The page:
Thursday was Global Collaboration Day. I was able to connect our previous reading of What Do You Do With an Idea? by Kobi Yamada with the thought that big ideas can change the world. There were many ways to participate on this day, but I chose an all day Twitter chat to share my own big ideas with others, as well as share some that our students had thought of, like “I’m going to be an inventor when I grow up so that I can invent something that will help people.” Now that is a big idea!
This week, the library also shared great stories with preschool & kindergarten friends, took inventory of what 4th graders already know about using Destiny Quest, introduced it to 3rd graders, and welcomed more middle schoolers for Dorothy Canfield Fisher Book Award book talks, and many others dropped by just to get books as they needed them. We love seeing a steady flow of book-related foot traffic!
We are also working on getting more new books on the shelves, creating guides for database access, and getting ready for “Back to School Night” next week. Thank goodness a little “ish” goes a long way! Follow the link below to see the Quiver app in action, or give it a try yourself! If you have a 2nd grader, they should be able to teach you how to use it.
This picture really captures our first week of school! It’s a proud “look what we found” moment at the end of one of our first library classes. I thought I’d give you an idea of one of my typical “reference interviews” with a student. Those are fancy words for “let me help you find what you need”.
Me: “Let’s find something great for you to bring home today!”
Student: “OK! Member that really sparkly book you had last year? I like that one.”
Me: “Hmmmm….I think we have a few sparkly books. What was the book about? What did you like about it?”
Student: “Well…..it had a kitty on the cover, too! A MAGIC kitty. I like books like that!”
Me(having a memory moment)….”Ah! I think I know just the one you mean. Let’s go find it!”
Once we get to the shelf, we locate the book. It’s from the Magic Kitten series and the title is Classroom Chaos. While I’m thinking to myself how funny that is, the student looks the book over, reads a bit and says “Naaa, do you have any books about the Titanic?” And we’re off exploring something new!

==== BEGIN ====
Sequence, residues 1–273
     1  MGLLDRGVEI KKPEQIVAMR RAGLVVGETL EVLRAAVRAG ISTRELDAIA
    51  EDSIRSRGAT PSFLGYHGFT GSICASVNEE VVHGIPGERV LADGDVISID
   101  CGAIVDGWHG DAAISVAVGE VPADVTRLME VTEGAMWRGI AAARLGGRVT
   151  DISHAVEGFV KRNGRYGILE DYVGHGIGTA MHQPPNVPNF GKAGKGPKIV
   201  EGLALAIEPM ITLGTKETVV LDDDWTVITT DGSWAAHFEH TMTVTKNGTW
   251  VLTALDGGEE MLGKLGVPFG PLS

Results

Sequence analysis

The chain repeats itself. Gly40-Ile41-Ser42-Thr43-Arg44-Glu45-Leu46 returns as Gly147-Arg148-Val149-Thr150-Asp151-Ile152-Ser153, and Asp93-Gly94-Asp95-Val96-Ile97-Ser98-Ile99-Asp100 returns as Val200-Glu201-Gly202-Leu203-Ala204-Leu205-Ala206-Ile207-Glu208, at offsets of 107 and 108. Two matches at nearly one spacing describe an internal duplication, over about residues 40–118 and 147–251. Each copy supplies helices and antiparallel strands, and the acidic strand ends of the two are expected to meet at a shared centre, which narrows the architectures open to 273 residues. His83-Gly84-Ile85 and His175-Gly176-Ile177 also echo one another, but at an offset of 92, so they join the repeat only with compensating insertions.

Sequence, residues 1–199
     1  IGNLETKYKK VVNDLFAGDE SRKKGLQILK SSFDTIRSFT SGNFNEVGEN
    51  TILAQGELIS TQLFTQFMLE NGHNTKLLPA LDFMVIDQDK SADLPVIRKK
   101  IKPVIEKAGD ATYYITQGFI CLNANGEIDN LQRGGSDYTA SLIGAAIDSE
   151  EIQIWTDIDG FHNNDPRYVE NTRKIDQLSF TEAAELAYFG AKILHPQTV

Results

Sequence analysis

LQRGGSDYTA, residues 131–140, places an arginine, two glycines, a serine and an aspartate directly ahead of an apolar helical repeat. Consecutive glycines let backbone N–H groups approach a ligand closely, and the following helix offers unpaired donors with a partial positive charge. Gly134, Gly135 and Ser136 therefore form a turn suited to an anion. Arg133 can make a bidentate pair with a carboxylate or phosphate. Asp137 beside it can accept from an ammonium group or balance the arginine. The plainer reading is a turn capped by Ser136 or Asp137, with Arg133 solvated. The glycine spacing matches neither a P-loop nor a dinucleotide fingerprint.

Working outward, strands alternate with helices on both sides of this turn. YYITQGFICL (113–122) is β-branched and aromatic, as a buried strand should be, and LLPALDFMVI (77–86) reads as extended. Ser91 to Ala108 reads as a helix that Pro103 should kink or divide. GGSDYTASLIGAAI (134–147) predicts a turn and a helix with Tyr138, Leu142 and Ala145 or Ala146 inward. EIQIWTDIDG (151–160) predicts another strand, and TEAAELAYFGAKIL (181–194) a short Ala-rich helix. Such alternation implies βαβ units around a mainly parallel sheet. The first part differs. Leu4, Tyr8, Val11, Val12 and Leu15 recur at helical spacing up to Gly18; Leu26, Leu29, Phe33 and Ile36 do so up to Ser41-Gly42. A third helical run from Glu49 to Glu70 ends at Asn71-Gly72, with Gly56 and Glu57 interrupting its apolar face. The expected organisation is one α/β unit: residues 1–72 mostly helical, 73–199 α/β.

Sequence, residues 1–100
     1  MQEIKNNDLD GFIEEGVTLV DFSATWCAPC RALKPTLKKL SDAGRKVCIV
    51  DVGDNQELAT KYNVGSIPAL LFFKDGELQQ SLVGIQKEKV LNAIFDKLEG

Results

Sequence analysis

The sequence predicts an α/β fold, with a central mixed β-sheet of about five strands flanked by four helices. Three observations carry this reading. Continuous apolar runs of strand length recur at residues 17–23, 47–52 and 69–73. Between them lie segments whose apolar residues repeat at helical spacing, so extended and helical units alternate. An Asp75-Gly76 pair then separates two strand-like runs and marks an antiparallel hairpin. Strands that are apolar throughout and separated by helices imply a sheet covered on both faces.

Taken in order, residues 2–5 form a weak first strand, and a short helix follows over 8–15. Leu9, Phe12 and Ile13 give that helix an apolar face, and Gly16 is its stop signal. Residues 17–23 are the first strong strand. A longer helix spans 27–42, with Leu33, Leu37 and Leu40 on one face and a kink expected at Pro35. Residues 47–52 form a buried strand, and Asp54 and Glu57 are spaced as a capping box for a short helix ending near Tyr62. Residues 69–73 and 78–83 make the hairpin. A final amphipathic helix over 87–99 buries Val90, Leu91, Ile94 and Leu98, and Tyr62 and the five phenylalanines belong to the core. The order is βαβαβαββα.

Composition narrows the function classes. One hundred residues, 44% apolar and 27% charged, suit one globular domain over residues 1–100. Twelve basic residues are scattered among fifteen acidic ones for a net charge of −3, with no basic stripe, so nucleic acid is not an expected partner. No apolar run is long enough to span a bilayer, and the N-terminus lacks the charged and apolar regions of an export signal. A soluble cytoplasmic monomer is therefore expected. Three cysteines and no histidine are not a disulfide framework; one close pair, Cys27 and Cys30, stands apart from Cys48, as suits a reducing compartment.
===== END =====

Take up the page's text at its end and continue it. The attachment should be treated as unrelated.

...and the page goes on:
That moment reminded me to be thinking beyond all the other minutia of getting our library space truly ready for learning. Sometimes I worry about having it look “just so” by the beginning of the school year. In reality, it’s ready the day the students arrive no matter what it looks like. They arrive ready to explore and learn, and we are ready simply by being there and having conversations. Learning is about celebrating the comfort of old favorites AND it’s about having the freedom to choose a new path. That’s growth.
I am looking forward to thinking, and sharing, creating, and growing with my students this year!
Wait a minute! What does this picture of beautiful Lake Champlain have to do with summer reading? Today was field trip day for the middle schoolers who participated in the Classical Connections summer reading program! Now in it’s 5th year, this collaboration between CCS and the Charlotte Public Library has grown into one of my most favorite things to do with my students!
Each year, students read a modern novel paired with a classic. This year’s classical connections were The Great Wide Sea by M.H. Herlong and Treasure Island by Robert Louis Stevenson. Is the picture making more sense to you now? Good! Over this past week, students have read and talked about two amazing stories, participated in activities like “How to Survive if You’re Lost at Sea”, written about the books using their Young Writers Project blogs, created fictional journals, and today they learned how to sail! The week just flew by, and I hope that this quick jump-start to summer reading will carry through the rest of the summer months for my students. I am so thankful to families that share their children with me. I find constant delight in my students, and am always amazed at their insights into what they are reading. I am also grateful for our strong Vermont community connections. This program would not be possible without the help of Cheryl Sloan and the awesome Charlotte Library staff. I am also grateful to Kathy Folley and the Young Writers Project Staff who provide a tool for students to capture their thinking in writing. Appreciation to Mrs. Williams and Mr. Lutz for offering this program as a choice to help complete summer reading requirements. Thanks to Sharon Colvin of the Vermont Department of Libraries for supporting the goodness of this program and helping to spread the word around the state. The Charlotte community also played a huge role this year! A Front Porch Forum request brought out donations for the week of nautical charts that illustrate the very setting of The Great Wide Sea! Alex Bunten of the Charlotte News visited and graciously answered questions about a recent sailing trip of his own! Thanks also go to the Lake Champlain Community Sailing Center for an awesome experience today. Not only were my students making connections to the books they read as they sailed, they did so on the gorgeous Lake Champlain canvas. I so appreciate the opportunity for my students to make a connection to this beautiful body of water. Stewardship of our local natural resources begins with simply experiencing them! Many thanks to Alex Kroll, who appreciates the middle school soul, and supports their reading adventures from summer to summer. I cannot forget to thank the entire Charlotte community, who welcome a middle school takeover of our public library space for a week every summer. As you can see, it really does take a village! I’m so happy that my students get to experience something that develops around them with the help of many community hands. See the slide show below for the story of our week in pictures, and sail on into summer my friends!
Filed under 7th Grade, 8th Grade, Books, Collaboration, DCF, Fun, Learning, Middle School, reading, SummerReading, Writing, Young Writers Project